Earning The Right To Be Heard By Students by Tim Elmore
Last year, the results of a Harris Poll were released on the subject of respect. In this first-of-its-kind survey, a Harris Poll asked 2,250 adults to compare their memories of “school dynamics” when they were students with today’s school dynamics. The percentage of respondents who agreed with the statement “students respect teachers” dropped from 79% to 31%. (Interestingly, the findings on students’ respect for teachers are nearly identical for adults who are parents of school-aged children and those who aren’t.) It was a huge drop. Still another big drop, however, was this: respondents’ views of the percentage of parents who respect teachers, which has plummeted from 91% to 49%.
Wow. Whatever happened to respect?
As I interact with both faculty and administrators, I commonly hear this complaint: kids and parents just don’t respect the school system anymore. This may sound like hyperbole, but it’s how so many educators feel. These statistics don’t surprise Arnold Fege, president of Public Advocacy for Kids, a Washington, D.C.-based group focused on education and child-advocacy policy. According to USA Today, he’s noticed “a lack of respect for public education over the years,” whether the issue is testing, teacher evaluations or school choice. “I think the community really feels that they’ve lost control of a large part of the institutions that are important to their life,” Fege says.
Forget the Badge for a Moment
So how does a teacher, staff member, coach or administrator get respect back, without resorting to force or leveraging their authority? Good question. Respect is a delicate quality that cannot be forced or feigned. It’s rarely real when it is demanded. It’s a matter of the heart. Generally, if you want the heart of a student—you have to earn it.
Some faculty might say, “Well, they should listen and respect me because I’m the teacher!” That’s absolutely true. Unfortunately, we live in a day where many children have never learned to respect those in authority, so we must build that respect in a different way. While your position may deserve it, simply demanding it tends to backfire. At best, you get behavior modification, but you don’t get genuine follow-ship. Remember the obstinate kid who was told to sit down and be quiet in the back of the classroom? He insisted on standing up and talking. When the teacher finally got him to sit, he replied, “I may be sitting on the outside, but I’m still standing on the inside.”
This anecdote illustrates what I am talking about. If we really want more than mere behavior modification — if we want true respect — we must remember that it’s earned. May I suggest you forget your “badge” for a moment? Instead of demanding your students listen and submit, what if you earned the right to be followed?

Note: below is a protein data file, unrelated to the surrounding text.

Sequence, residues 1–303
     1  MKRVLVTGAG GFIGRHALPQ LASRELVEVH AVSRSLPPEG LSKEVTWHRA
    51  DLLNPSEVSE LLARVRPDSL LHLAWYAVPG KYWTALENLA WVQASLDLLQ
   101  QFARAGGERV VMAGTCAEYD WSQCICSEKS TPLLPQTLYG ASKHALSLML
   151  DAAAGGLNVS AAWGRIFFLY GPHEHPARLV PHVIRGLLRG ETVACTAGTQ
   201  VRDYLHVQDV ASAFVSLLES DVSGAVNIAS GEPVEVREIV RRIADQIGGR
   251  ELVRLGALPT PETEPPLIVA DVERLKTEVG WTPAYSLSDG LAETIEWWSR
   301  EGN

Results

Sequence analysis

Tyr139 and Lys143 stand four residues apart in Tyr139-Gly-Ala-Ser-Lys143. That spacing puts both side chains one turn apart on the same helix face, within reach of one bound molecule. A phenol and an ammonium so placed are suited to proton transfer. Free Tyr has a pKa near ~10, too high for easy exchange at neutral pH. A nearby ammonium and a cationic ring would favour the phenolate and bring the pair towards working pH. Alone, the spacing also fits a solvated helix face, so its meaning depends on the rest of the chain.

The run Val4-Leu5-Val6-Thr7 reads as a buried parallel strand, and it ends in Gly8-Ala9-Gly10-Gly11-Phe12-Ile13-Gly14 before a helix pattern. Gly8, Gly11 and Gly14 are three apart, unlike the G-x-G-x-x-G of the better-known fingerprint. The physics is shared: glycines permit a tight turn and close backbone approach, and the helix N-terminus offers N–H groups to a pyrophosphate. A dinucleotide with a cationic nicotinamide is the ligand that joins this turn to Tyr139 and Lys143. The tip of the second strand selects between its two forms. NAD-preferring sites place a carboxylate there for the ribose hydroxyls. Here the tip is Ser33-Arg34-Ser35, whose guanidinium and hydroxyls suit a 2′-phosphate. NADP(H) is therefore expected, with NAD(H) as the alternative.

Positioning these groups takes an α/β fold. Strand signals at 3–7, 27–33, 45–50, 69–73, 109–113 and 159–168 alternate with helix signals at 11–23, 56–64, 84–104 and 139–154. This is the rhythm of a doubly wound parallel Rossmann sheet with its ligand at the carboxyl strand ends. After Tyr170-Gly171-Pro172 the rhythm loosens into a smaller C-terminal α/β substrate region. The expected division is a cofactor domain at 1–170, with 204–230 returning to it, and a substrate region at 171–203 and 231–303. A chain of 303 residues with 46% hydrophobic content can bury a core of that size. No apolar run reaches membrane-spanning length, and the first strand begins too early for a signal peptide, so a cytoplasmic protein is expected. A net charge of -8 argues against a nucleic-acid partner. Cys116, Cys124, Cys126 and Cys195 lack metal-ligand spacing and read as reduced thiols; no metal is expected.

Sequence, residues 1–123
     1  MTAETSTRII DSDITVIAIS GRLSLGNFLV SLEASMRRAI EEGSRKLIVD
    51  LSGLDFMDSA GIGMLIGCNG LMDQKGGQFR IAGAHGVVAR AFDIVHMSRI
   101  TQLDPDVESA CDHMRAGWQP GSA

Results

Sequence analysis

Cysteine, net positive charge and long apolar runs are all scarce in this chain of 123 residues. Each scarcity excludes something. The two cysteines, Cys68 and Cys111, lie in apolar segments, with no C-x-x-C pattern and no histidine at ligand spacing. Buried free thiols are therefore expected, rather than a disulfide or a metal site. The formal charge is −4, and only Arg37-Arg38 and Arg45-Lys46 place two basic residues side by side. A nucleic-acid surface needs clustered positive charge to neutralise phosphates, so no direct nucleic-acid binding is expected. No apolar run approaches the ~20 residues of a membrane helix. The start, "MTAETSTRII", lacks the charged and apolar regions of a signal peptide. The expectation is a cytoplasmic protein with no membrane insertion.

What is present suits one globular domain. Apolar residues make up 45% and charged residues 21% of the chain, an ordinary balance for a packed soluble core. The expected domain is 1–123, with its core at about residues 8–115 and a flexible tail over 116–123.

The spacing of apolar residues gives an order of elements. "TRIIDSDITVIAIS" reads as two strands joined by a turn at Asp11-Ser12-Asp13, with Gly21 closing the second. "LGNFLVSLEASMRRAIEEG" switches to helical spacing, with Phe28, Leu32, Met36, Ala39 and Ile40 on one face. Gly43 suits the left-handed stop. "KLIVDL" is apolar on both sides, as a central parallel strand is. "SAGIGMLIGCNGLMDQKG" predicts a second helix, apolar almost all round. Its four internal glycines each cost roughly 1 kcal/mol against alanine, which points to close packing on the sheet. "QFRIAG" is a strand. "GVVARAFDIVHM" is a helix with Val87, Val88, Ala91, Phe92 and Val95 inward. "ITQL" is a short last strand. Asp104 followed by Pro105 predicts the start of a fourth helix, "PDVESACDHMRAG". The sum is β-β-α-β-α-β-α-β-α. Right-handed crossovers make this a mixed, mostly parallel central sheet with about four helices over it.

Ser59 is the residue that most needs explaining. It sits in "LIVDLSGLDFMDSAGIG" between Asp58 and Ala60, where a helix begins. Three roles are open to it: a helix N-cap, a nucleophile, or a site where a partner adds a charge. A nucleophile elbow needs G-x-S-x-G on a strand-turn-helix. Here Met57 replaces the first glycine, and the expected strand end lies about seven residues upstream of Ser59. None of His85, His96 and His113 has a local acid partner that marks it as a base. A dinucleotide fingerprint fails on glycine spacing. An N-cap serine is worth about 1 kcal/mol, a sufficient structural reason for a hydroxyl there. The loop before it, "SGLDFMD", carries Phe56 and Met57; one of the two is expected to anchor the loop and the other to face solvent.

Five Axioms I Practice to Gain Respect
The following statements are principles I embrace to gain respect from students:
Youth do not have the innate need to get their way. They do have the innate need to be heard. We gain respect as a response to showing respect.
When we listen, we genuinely show respect for a student. We elicit transparency, and over time, a reciprocal response from them toward you.
When we ask questions, we authentically demonstrate we care. We gain credibility. They begin to believe us and take our leadership seriously.
When we do both of the above, we authentically earn the right to speak. Although our words may be no different than the past, students now listen.
When we ask for feedback, we once again encourage the same response from them. This builds bridges of relationship that can bear the weight of truth. Even hard truth.
Jim Forleder is the principal of Lincoln High School in Walla Walla, Washington. When he took over, he heard the school was known for student detentions and suspensions. Disciplinary actions were high, as students frequently showed no respect for teachers. Jim decided he needed to try a new approach to discipline.
So the next time a student dropped an F-Bomb in class and was sent to his office for punishment, he tried the axioms above. He sat down with the teen offender, and instead of jumping into a recitation of how the student had violated school policy, he quietly sat for a moment, then leaned forward and looked into the eyes of the young man. Then, he gently spoke: “What just happened in that classroom doesn’t sound like you. You’re capable of better conduct than that. Is there something going on in your life that I don’t know about? Something at home with family, or in your personal relationships?”
Jim reported that most of the time, that’s all it took to begin a transparent conversation. In nearly every case, the offender would pause, then break down and talk about how his dad had just left… or how mom was suffering from drug abuse… or how his family couldn’t pay the rent… or how he’d just lost his brother in an accident. The floodgates opened, and Jim was able to address the real need. Along the way, he’d talk over the offense and the changes that needed to happen. Ironically, he said that it frequently wasn’t necessary. The majority of the time, the student would return to class and apologize, without being told to do so. School suspensions dropped 85% at Lincoln High School.
What’s our take away? Until our school systems figure out how to regain the respect of students, or until parents decide they’ll teach their children how to respect authority, let me suggest we forget trying to force it and begin trying to earn it.